This two minute time-lapsed video takes you from the UMFA to Spiral Jetty, typically a two-and-a-half hour drive.
This website was created to provide resources about Robert Smithson's Spiral Jetty (1970) for viewers who may or may not have visited the earthwork in person. It serves as a companion to The Smithson Effect, an exhibition that explores Smithson's influence on contemporary artists since the 1990s, on view at the UMFA from March 10–July 3, 2011.
Robert Smithson's iconic earthwork, Spiral Jetty, takes the form of a 1,500-foot-long and approximately 15-foot-wide coil of basalt rocks that extends into Utah's Great Salt Lake, near Rozel Point. Smithson was one of a number of artists in the late 1960s and 1970s who moved out into the vast, open landscapes of the American West, putting the earth itself to use as an artistic medium. He chose the lake as the site of his monumental sculpture because he was drawn to the reddish hue of the water, caused by microorganisms that thrive in the highly saline environment.
Along with many other artists of his generation, Smithson abandoned the confines of the traditional artist's studio and the creation of discrete objects, favoring a site-specific approach to art, meaning that the work is physically bound to—or has a necessary and specific relationship to—a given site. Spiral Jetty is situated in a particular location—Great Salt Lake—but it is site-specific in other ways, too: the shape of the spiral, for instance, is echoed in the lake's salt crystals, which grow in a spiraling, crystalline formation.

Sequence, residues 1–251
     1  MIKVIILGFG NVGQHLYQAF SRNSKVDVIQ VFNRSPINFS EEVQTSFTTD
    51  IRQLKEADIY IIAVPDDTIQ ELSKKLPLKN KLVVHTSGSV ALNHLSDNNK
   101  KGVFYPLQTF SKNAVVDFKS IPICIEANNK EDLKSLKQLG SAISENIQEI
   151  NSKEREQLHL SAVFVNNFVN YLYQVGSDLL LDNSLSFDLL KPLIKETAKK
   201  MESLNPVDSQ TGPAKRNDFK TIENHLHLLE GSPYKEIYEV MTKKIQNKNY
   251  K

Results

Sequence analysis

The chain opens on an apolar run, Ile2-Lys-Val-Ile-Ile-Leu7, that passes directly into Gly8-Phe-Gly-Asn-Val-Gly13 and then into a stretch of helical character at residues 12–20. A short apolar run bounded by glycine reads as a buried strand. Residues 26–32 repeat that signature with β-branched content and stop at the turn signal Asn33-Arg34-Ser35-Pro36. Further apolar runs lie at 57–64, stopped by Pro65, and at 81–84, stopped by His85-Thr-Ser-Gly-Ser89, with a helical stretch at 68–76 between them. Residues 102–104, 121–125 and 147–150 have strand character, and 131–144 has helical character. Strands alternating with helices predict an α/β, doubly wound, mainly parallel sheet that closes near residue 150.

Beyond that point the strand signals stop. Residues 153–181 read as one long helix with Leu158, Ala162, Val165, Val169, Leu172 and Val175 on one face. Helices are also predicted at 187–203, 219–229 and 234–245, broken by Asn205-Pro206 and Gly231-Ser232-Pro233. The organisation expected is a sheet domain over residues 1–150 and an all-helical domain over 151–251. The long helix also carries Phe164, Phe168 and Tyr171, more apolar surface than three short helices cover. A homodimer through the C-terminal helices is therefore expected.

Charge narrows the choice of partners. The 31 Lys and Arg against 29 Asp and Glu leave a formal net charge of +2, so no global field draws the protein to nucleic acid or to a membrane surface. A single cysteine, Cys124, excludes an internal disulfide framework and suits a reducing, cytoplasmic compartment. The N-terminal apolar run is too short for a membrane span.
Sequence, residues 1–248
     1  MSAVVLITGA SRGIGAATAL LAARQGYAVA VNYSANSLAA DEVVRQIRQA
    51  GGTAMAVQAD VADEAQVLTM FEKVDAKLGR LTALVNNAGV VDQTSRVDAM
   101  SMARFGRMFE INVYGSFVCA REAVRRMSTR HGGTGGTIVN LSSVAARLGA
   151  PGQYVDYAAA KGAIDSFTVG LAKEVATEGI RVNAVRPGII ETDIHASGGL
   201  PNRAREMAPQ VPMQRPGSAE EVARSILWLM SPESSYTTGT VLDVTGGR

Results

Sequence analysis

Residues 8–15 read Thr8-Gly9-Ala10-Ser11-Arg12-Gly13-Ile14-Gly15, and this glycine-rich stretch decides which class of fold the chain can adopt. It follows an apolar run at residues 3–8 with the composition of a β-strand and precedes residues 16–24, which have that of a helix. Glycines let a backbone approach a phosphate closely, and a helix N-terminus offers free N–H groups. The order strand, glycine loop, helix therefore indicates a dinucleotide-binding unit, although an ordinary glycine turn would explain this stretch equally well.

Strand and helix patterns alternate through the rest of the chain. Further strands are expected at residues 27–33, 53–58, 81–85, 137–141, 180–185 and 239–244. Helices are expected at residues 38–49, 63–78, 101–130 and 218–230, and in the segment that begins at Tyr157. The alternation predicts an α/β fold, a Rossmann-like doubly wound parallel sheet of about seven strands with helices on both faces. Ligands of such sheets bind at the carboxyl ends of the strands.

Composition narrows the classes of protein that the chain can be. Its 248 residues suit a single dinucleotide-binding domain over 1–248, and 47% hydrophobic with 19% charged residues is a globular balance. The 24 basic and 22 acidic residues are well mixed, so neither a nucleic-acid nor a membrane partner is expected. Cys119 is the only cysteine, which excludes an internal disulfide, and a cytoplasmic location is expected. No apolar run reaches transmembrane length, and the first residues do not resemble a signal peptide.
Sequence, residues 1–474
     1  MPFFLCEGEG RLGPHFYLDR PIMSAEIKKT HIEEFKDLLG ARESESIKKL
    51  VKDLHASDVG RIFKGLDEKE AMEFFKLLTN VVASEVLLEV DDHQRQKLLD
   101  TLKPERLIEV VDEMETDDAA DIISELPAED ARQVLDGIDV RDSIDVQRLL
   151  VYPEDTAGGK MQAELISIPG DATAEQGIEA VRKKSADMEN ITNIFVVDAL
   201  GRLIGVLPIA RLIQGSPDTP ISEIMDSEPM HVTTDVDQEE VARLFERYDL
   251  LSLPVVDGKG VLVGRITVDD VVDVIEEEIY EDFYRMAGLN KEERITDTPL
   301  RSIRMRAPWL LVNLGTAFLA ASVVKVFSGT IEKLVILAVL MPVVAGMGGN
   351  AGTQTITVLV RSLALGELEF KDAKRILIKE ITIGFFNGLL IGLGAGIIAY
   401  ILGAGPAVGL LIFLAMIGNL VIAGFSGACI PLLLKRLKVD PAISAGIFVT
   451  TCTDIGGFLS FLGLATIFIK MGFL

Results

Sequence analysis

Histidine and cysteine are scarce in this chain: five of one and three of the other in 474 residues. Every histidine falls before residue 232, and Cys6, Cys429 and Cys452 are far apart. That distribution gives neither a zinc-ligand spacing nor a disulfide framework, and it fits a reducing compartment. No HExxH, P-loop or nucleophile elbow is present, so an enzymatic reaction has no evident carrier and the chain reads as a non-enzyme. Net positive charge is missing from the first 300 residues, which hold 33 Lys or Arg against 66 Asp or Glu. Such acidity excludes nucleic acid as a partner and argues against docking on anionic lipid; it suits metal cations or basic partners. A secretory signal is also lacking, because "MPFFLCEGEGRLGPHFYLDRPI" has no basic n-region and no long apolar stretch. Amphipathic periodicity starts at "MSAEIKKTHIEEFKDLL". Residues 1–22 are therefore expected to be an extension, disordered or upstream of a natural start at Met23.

For many years, audiences experienced Spiral Jetty primarily through photographs and Smithson's film, Spiral Jetty (1970). The earthwork was covered by the rising waters of the lake not long after it was built, and it remained submerged for much of its life, a ghostly form just visible beneath the water's surface. In the early 2000s Spiral Jetty reemerged, and the lake has now receded so far from the mainland that visitors can walk between the rings of the spiral if they choose. The ever-changing conditions of the lake and its surrounding landscape are part of what interested Smithson in the site for what would become his most famous work and a landmark of twentieth century art.
The Smithson Effect
on view March 10 through July 3, 2011
Events: Adult Programming
Robert Smithson in the UMFA's Permanent Collection
One on One: Jill Dawsey on Vik Muniz's Spiral Jetty after Robert Smithson
Dia Art Foundation
directions to Spiral Jetty
More about Robert Smithson